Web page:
The entrance, where all residents pass by as they go in and out of the building, has a space for events and displays, allowing residents to gather and plan projects together. It also serves as a meeting space for when they are visited by parents or acquaintances. The second and third floors are accessible by the elevator and stairs in the entrance, both of which are for exclusive use by residents. Entrance to the residents’ area requires an IC card, enhancing the security level to allow access only to residents.


“Kaiyu” Lounge

Instead of the traditional concept of a corridor, the traffic line of residents is called the “Kaiyu (stroll-style)” lounge with more opportunities to meet with everyone on the same floor on a regular basis. This “Kaiyu” lounge, loosely connecting the community lounge and the living room of each unit, provides a space for relaxed communication with a sense of natural light, breeze and greenery.


Community lounge

Located at the center of the building, the community lounge is the most vibrating space that can accommodate a large number of people. It is easily accessible from every room, and has a cafe-style eat-in kitchen where residents can prepare meals everyday. It can also be used casually for self or group study or for planning group projects. Together with the surrounding Kaiyu lounge and unit living rooms, it creates a vast space brighten by the light entering from the adjacent courtyard.


Living room

The living room is provided for each unit of five residents and is located in front of their private rooms. The five members of the unit can use the space for group study or planning a group project, as well as for relaxing individually, enjoying reading and other activities. When the doors are open, the living room also serves as an extended space connected with the Kaiyu lounge for communication with other residents walking by. On the wall facing the Kaiyu lounge is a message board, on which the unit members can display their group study outcomes or information on their project.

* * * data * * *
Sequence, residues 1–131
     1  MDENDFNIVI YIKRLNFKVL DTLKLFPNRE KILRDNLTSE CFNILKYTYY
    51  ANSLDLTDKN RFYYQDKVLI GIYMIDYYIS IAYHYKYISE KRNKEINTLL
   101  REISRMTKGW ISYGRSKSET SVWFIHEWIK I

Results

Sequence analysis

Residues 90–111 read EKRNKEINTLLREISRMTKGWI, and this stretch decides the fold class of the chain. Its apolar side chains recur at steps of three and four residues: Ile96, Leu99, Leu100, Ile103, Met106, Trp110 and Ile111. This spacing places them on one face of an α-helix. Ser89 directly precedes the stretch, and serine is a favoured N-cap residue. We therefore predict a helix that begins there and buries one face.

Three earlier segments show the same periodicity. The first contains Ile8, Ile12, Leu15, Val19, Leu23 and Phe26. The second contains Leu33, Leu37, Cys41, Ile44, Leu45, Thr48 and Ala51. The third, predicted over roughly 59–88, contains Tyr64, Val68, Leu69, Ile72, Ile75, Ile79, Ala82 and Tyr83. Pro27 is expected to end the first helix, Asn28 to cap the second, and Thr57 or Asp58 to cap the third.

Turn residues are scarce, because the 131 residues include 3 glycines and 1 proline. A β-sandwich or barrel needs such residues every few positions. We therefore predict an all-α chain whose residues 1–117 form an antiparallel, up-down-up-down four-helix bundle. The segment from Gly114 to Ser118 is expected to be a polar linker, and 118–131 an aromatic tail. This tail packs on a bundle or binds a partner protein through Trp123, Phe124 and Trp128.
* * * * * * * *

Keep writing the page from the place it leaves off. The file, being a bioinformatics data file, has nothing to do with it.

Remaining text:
Private room

Private rooms have a simple structure with minimum necessary furniture and space, to encourage residents not to spend too much time by themselves in there. However, as individual learning is also important, the desk and the chair are placed beside the window to help them concentrate on their studies. Each room also has a veranda where the laundry can be hung.


Workshop room

Workshop rooms are located in the basement and on the first floor. Residents from different floors can spend time together in a workshop room. Desks and chairs are all movable and the layout can also be changed freely, enabling discussions and presentations by various numbers of people. In addition to the multi-panel whiteboard partitions equipped in both the basement and first-floor workshop rooms for use in a variety of ways, the basement workshop room also has whiteboard walls, facilitating active discussions.